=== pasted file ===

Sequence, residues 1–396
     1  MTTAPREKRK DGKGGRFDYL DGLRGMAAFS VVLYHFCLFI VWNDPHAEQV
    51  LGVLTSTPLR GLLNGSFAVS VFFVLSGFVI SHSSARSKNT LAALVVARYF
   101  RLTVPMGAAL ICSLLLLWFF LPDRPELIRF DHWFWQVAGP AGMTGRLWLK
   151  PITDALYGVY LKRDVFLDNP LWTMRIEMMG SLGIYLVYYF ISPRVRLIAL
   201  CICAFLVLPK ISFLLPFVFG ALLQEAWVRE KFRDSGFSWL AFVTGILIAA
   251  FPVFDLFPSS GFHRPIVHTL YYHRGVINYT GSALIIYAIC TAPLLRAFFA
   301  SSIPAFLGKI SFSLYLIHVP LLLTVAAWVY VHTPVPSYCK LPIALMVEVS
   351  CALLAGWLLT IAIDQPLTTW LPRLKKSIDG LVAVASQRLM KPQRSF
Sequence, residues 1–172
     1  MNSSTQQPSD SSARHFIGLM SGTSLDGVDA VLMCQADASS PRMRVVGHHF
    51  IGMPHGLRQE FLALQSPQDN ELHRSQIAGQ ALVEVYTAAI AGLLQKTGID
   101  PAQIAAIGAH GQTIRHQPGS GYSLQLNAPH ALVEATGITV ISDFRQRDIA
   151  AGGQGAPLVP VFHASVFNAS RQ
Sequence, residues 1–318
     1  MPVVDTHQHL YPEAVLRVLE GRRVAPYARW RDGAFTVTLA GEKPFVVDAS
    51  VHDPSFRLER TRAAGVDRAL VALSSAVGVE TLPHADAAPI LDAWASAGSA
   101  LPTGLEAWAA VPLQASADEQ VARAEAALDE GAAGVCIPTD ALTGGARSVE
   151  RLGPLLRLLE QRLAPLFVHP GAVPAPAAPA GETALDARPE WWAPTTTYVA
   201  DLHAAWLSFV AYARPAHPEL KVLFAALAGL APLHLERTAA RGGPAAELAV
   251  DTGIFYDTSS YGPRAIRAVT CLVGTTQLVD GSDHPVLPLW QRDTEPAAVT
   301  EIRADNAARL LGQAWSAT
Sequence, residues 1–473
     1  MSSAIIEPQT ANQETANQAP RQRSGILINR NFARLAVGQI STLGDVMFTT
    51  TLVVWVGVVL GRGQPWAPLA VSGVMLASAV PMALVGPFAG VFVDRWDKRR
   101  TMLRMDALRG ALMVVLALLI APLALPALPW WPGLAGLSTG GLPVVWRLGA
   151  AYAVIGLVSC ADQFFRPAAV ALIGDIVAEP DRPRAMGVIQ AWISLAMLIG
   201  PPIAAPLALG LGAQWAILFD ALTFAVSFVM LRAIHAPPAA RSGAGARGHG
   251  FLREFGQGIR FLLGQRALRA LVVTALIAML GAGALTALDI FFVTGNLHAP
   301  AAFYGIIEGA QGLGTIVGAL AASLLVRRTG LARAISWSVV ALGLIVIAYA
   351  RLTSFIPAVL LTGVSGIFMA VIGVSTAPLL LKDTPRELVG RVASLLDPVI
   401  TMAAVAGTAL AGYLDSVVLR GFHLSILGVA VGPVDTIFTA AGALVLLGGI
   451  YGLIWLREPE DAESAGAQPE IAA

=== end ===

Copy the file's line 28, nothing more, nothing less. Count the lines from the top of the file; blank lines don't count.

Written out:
   201  PPIAAPLALG LGAQWAILFD ALTFAVSFVM LRAIHAPPAA RSGAGARGHG